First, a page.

Empathy Strike

by Sahadev Komaragiri

empathyKarthik is somewhat a mischievous boy with special talents to create complicated problems. One day he approached me with a very sad face and complained to me that Ram Kumar his classmate took his pen and was not returning it back to him. I thought it was a simple problem and summoned Ram Kumar.

Ram Kumar: Sir, Karthik took my pen yesterday and he lost it. As a replacement he gave me his pen.

I: Karthik, what do you have to say?

Karthik: Sir, I lost his pen while playing in the ground. I searched for it for a long time and I could not locate it.

I: Did you give him your pen as a replacement?

Karthik: I gave him my pen because he said he did not have a pen to do his homework. Now, I have to do my homework and I do not have a pen.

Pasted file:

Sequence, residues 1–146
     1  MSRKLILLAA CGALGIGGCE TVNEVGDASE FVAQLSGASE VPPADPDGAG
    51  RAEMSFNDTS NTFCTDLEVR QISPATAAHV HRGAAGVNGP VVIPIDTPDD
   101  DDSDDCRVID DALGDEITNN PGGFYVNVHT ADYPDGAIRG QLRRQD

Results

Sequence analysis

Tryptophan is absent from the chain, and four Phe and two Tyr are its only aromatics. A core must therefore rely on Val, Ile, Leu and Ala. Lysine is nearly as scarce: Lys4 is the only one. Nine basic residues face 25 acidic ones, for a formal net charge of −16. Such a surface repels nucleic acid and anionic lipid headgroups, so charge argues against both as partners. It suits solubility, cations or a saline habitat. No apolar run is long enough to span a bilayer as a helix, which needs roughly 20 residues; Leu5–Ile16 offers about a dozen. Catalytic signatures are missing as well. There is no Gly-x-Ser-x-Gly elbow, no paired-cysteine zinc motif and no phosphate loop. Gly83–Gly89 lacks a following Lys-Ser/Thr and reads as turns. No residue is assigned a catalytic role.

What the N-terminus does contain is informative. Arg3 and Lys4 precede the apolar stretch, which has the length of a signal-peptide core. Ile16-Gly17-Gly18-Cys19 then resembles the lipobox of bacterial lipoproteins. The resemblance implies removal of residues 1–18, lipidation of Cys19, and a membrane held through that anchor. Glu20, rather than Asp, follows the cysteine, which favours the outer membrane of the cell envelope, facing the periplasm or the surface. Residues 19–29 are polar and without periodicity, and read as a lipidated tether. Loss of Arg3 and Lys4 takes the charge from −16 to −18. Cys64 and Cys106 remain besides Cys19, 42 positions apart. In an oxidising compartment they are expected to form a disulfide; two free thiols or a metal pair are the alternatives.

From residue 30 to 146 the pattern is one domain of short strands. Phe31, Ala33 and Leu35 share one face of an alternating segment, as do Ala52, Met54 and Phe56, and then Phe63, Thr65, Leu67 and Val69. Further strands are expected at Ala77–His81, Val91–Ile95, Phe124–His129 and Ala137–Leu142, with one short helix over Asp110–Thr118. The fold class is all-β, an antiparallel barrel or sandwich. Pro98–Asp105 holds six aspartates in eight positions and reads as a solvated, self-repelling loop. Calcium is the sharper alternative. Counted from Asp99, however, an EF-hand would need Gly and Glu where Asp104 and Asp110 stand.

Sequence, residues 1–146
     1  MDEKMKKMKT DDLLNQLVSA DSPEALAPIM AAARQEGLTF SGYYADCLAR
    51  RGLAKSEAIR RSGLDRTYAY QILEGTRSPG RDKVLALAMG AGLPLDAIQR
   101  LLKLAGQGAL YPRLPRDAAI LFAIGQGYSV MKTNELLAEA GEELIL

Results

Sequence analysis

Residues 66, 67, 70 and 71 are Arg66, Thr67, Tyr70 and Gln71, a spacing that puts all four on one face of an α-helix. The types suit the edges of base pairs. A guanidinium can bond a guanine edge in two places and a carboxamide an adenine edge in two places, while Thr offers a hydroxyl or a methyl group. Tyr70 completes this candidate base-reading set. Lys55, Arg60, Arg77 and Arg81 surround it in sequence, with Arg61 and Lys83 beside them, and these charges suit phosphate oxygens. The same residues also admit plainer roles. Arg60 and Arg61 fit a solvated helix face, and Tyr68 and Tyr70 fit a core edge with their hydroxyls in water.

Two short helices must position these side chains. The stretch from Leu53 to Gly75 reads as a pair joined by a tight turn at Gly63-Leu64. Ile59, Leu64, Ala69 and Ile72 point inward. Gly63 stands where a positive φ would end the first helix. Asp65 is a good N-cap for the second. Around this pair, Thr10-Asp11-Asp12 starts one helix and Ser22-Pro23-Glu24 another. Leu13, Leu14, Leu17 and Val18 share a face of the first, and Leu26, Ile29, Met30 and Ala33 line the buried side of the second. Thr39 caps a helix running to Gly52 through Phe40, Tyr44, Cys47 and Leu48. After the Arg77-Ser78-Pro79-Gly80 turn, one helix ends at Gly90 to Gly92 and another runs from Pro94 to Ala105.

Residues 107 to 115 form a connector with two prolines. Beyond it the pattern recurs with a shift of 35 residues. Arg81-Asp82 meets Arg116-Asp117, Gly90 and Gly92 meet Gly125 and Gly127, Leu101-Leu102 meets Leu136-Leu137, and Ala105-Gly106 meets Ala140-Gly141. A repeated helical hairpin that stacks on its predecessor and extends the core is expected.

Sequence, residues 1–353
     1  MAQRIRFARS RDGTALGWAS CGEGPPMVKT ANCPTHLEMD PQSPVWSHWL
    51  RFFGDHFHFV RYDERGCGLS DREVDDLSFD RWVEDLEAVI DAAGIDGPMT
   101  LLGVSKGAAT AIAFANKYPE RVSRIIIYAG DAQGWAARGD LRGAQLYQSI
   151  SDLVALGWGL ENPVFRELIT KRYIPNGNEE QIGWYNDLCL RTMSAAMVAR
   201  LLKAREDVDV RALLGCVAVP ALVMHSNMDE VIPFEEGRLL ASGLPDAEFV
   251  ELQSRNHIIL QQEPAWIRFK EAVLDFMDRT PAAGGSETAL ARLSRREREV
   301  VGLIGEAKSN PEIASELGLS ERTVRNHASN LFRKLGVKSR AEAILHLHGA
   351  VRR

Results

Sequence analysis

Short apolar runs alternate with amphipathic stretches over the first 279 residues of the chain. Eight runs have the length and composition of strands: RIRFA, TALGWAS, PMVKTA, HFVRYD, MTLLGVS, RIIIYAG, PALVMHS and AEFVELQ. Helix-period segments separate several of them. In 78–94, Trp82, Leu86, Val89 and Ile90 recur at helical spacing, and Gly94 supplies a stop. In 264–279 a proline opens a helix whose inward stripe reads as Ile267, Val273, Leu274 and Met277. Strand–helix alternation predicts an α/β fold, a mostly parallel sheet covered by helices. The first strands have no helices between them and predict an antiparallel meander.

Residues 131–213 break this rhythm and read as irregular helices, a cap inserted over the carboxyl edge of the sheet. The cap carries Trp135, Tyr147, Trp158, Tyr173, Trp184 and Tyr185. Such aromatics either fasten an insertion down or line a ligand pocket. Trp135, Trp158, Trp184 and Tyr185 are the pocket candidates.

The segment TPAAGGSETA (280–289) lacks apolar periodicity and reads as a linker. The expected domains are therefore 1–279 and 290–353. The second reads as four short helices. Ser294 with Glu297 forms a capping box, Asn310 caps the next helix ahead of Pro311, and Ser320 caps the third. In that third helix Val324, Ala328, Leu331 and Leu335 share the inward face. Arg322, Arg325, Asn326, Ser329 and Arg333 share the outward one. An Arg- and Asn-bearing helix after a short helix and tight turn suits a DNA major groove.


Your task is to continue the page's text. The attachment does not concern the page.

Ram Kumar: Sir, even I have my homework to do and if I give this pen to him I will not be able to do my homework.

Ram Kumar explained in plain terms that he would return Karthik’s pen only if his own pen is returned. Sweet! One pen, two kids, and one problem. I personally thought that the problem is homework. If there is no homework there would be no problem. I got a pen from the storeroom and gave it to Karthik and told him that I will record this transaction in his account and collect the money from his parents. If I gave away that pen for free, news would spread around the campus that I was distributing free pens and there are indeed multiple ways to get a free pen.

They both left somewhat disgruntled. They have to settle down again to do their homework! I understood a little later that these two little rascals were siblings from the same family!